A breach of non-payment data from a restaurant chain like McDonald’s is not as catastrophic as someone swiping credit cards or shutting down one of the world’s largest beef suppliers, but it’s yet another example of how large corporations also make large, frequently easy targets for hackers.

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Tech News

McDonald’s is the latest major company hit by cyberattack

McDonald’s revealed today that it suffered a security breach that exposed some data on an ‘internal security system.’ The hack impacted the company in the US, Taiwan, and South Korea, resulting in the acquisition of some data, including on customers in the latter two markets. Unlike other recent high-profile cyberattacks, however, this one did not involve ransomware.

McDonald’s sent letters to its US employees about the data breach, according to The Wall Street Journal, which reports that the company removed the attacker’s access a week after learning about the intrusion. Customers weren’t impacted by the US data breach, which exposed some info on stores like play area square footage and seating capacity.

As well, the US breach involved some of the business contacts for franchisees and employees, though nothing ‘sensitive or personal’ was revealed, according to the report. However, the security breach did result in the alleged theft of some employee information in Taiwan, including things like contact details and names.

Beyond that, the attackers also acquired some data on customers in Taiwan and South Korea, including addresses, emails, and phone numbers. McDonald’s didn’t disclose the full number of people impacted. The company brought in external security consultants to investigate the breach.

The source of the cyberattack hasn’t been revealed and may not yet be known. McDonald’s is the latest majority company to be hit with a security breach in recent weeks, joining the panic-inducing Colonial Pipeline ransomware incident, followed by the US-based meat producer JBS, which similarly had to pay to get its operations back online.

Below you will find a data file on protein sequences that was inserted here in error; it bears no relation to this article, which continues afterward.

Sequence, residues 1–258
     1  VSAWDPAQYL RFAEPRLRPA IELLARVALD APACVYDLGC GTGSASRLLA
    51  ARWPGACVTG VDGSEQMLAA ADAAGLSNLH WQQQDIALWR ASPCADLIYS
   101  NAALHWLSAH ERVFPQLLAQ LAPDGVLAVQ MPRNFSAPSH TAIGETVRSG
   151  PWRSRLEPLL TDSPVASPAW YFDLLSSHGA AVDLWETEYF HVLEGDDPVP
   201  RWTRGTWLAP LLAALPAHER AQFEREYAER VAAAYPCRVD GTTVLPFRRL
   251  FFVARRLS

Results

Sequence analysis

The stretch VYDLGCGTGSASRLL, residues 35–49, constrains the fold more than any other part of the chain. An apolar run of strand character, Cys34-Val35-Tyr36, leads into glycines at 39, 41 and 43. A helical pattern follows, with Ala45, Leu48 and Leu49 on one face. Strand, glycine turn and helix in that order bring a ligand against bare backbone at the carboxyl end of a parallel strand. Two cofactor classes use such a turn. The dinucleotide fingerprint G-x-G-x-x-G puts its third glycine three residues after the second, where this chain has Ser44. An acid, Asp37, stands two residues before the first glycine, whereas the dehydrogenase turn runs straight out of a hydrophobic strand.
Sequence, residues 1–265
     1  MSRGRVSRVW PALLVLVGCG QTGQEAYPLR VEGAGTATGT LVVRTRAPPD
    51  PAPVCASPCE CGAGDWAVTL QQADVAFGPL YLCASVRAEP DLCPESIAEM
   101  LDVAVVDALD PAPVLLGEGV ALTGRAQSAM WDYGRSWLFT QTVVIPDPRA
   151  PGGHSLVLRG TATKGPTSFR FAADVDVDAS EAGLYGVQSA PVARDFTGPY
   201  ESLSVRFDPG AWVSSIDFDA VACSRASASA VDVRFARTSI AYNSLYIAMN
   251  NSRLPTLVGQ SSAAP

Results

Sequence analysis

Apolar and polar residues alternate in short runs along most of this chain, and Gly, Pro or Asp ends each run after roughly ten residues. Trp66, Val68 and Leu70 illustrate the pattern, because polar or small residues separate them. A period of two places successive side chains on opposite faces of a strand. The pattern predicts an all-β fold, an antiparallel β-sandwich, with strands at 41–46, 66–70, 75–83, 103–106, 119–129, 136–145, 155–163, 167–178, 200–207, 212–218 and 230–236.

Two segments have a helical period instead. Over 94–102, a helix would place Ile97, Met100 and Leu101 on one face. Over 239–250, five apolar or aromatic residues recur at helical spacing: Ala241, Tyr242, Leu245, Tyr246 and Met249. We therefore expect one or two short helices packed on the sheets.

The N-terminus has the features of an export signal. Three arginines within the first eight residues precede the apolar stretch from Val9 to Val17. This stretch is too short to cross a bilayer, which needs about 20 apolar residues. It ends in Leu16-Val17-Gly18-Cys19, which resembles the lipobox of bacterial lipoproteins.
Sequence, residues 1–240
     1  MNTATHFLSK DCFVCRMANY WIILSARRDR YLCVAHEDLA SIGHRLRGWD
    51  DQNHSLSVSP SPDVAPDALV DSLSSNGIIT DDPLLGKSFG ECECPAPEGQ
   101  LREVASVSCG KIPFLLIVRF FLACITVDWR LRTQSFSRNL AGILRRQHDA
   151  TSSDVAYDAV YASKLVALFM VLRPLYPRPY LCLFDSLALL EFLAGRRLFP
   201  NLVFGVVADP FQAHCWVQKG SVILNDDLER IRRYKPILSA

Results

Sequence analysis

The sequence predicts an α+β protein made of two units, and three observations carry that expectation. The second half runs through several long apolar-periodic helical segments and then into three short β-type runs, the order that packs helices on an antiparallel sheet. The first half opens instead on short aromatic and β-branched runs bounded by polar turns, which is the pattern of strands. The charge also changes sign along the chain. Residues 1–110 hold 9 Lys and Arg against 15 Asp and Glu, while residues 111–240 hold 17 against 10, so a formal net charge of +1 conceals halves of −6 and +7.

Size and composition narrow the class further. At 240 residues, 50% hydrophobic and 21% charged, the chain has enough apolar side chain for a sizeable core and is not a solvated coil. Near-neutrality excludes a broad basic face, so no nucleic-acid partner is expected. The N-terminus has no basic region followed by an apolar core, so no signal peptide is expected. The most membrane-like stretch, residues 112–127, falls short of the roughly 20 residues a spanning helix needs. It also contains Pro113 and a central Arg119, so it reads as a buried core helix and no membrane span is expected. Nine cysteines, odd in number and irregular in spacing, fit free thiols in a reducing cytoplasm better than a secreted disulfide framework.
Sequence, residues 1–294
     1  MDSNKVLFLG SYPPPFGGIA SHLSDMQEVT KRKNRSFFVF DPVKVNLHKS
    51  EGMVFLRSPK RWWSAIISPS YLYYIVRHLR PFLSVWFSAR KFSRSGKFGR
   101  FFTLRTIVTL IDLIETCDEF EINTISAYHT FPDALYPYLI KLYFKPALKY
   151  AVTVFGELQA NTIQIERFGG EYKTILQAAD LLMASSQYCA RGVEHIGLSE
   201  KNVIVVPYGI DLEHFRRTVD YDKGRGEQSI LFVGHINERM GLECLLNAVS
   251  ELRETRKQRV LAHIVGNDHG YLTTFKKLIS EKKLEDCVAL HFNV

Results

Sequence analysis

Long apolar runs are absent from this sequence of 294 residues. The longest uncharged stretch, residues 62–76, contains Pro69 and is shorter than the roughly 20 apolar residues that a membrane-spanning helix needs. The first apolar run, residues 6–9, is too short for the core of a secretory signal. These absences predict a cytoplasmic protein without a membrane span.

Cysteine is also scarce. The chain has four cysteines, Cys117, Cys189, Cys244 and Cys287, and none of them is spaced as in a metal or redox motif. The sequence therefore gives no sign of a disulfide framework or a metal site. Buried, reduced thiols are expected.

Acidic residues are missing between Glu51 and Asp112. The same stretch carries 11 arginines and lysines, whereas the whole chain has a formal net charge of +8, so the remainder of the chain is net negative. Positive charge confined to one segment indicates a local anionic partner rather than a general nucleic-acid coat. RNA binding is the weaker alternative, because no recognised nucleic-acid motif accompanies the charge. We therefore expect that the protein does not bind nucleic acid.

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Creepy McDonald’s SEGA Genesis game Easter Egg found after 30 years

Nearly three decades ago, a game called McDonald’s Treasure Land Adventure was released for the SEGA Genesis console — and as with many video games released by fast-food franchises over the years (remember Taco Bell’s Moto X game?), it was quickly forgotten by all but a small group of enthusiasts. Unlike many of those games, however, this one was teased as harboring a secret, one that has only just been discovered.

McDonald’s Treasure Land Adventure was a Genesis game developed by Treasure. One of the programmers who worked on the title, Masato Maegawa, has spent years teasing enthusiasts about an undiscovered Easter Egg hiding in the game. Intrigued amateur detectives pieced together what few clues were revealed over the years.

With that information, the Twitter user “Unlisted Cheats” was able to solve the mystery — and, well, it is both underwhelming and incredibly creepy. By inputting a password using a specific and fairly long series of button presses, the McDonald’s sign at the beginning of the game will transform into a 3D object.

Users can then move the object around using the D-pad or toggle to a different model, including a rough spaceship, the SEGA logo, and some simple cubes. Solving the mystery is fun and all, but the Easter Egg itself isn’t terribly interesting — except for the disturbing music that accompanies it.

The cheerful beeping in the retro game quickly becomes a series of chaotic riffs not unlike what you’d expect to hear in a cult classic horror movie. Had one accidentally stumbled across this Easter Egg as a child innocently playing a McDonald’s adventure game, one may have been reluctant to start up the game a second time.